The thing that brightens a Galley Slave's day is the arrival of the mail, and those thick envelopes that come with it. What's a Galley Slave you ask? Well, I've been a bookseller in Berkeley for 16 years and have been at the Cody's Books on Fourth St. in Berkeley since it's opening 9 years ago. I write a lot of blurbs, for the Cody's newsletters and for the BookSense monthly newsletter. All this blurbing means that I now recieve a lots of advance copies, or galleys, from different publishers. I get a secret pleasure reading things that aren't technically in print yet, which is why I call myself a Galley Slave.
The combinations are interesting, both in what companies choose to send together and the random combinations the mail arranges. I had one of those interesting combinations a few months ago, a day where three novels about Vincent van Gogh or one of his paintings showed up in the same day's mail. One was a thriller, pretty entertaining, about war reparations and a forged painting. One, I admit, is still sitting low in the A-pile, as yet unread because three consecutive books on van Gogh was one too many. The third was excellent, and is now on the shelves.
Crows Over the Wheatfield is named for one of Vincent's last paintings. It was at the crossroads pictured in the painting that the artist killed himself. There's death in the book, but not the same kind. The book opens with art professor Claire Andrews grinding through yet another crowded commute home, frustrated and tired, flouting the unwritten rules that govern any serious commute. It wasn't her fault that she struck and killed a boy; he dashed out in front of her car. The rules she was gritting her teeth against wouldn't have saved him.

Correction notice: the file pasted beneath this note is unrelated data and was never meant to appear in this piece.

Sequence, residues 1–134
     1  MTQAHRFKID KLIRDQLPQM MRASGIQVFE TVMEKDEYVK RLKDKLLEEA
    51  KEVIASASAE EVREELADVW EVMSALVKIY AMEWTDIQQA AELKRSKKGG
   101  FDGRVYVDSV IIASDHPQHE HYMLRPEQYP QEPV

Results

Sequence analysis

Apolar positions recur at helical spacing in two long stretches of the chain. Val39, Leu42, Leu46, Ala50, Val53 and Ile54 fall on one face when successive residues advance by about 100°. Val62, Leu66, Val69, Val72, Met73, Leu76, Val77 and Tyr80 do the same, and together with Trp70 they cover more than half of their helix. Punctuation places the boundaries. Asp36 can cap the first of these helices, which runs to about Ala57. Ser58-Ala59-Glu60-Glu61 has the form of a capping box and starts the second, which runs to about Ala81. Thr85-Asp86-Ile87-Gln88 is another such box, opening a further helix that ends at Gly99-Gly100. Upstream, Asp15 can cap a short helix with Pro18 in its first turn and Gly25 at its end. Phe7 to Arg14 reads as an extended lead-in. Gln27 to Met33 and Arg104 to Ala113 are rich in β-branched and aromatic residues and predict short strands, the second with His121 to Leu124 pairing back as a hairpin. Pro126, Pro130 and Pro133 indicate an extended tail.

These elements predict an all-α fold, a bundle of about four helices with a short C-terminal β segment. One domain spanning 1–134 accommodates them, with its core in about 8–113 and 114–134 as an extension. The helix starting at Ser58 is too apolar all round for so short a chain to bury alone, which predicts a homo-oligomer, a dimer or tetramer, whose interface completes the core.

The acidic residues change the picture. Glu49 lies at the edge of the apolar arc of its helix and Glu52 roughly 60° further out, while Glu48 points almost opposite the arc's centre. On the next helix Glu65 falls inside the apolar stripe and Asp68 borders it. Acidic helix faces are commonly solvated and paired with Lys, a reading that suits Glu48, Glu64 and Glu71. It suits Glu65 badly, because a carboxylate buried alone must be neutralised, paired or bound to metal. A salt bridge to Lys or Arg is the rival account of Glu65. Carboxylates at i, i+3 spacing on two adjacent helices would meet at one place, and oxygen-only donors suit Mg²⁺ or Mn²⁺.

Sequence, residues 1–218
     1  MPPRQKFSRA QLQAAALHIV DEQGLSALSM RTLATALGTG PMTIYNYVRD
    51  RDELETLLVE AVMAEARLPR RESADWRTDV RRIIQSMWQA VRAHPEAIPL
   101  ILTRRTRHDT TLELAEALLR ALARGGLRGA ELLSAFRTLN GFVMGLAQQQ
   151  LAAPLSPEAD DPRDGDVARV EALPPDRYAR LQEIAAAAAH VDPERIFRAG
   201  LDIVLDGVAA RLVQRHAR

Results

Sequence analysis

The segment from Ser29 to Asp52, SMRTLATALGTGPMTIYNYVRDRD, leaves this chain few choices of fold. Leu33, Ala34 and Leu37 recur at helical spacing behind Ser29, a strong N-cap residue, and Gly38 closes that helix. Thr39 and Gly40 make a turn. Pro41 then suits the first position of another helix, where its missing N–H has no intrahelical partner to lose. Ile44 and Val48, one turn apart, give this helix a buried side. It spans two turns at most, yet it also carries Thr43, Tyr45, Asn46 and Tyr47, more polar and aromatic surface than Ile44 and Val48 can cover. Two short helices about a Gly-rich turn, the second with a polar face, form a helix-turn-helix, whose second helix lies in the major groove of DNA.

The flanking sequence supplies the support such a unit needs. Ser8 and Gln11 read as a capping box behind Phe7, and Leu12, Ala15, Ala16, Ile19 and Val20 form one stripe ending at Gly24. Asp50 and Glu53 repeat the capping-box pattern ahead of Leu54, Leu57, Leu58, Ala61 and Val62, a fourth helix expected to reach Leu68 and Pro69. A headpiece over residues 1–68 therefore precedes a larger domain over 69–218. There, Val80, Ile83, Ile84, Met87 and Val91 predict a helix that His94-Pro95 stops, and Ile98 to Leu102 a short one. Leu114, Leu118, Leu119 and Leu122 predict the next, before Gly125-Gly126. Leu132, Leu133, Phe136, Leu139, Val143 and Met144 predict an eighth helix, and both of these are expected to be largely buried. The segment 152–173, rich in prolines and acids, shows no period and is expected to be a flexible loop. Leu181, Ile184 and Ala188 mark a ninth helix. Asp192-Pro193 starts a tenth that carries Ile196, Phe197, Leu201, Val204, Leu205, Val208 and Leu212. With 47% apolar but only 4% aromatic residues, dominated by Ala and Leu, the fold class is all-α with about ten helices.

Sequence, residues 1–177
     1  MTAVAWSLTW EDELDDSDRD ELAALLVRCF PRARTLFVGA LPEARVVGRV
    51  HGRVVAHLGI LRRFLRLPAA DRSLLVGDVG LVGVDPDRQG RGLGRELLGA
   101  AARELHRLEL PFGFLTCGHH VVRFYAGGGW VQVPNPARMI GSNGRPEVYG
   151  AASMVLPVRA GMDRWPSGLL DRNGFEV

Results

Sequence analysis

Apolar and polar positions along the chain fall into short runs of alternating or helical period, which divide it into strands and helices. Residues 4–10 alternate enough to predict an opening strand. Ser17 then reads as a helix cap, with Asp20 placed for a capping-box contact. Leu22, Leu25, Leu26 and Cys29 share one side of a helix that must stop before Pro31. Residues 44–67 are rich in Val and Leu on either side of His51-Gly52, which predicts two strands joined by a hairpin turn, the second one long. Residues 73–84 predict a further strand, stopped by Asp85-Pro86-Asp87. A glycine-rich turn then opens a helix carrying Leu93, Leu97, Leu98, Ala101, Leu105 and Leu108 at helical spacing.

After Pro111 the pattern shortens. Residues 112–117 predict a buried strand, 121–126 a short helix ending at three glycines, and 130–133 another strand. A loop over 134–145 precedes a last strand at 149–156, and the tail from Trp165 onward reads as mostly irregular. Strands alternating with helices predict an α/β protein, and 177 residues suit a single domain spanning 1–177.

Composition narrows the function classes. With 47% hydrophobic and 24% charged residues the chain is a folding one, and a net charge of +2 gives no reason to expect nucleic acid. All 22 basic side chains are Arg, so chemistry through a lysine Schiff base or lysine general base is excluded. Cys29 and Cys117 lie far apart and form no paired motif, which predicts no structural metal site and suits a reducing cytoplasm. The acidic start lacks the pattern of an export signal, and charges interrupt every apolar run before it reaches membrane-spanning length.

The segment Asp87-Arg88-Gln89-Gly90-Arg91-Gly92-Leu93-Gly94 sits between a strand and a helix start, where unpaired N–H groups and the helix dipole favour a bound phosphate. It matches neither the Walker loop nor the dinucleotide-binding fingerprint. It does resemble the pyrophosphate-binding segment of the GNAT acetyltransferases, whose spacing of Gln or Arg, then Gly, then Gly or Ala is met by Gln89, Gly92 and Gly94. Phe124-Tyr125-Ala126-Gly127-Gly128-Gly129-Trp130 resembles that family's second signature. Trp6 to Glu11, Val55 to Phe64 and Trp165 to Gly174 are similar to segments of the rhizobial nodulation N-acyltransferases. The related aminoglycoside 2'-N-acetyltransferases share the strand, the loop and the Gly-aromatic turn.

Andrews is cleared of blame by the police, but the family of the child has mounted a publicity campaign against her. Her recently separated husband returns home to help with lawyers, both relieving and adding to her stress. What she really needs to do is leave, so for the sake of her sanity she returns to France to continue her work on the last days of van Gogh. What she finds there is a place long familiar to her, but as changed as her internal landscape. She looks with fresh eyes at both her relationships and Vincent's.
That's what I liked about Crows Over the Wheatfield, the dissonance between what Andrews remembers of France and what she now sees, and the way her own trauma affects how she sees the pivotal people in Vincent's last days. I'm always happy with an epiphany and a real sense of place, both of which author Adam Braver provides in spades. Throw in science, forgery, manipulation and transition, and end it well, and the result is a very satisfactory read. There's always too much to read, tottering towers of galleys and finished books around my desk, all screaming for attention. Finishing a book is sometimes the exception; racing to the end is the reward.
Galley Watch: Climbing the Mango Trees, Madhur Jaffrey's memoir of growing up in transitional times in India, redolent of food and crowded with family, due in October, and yummy.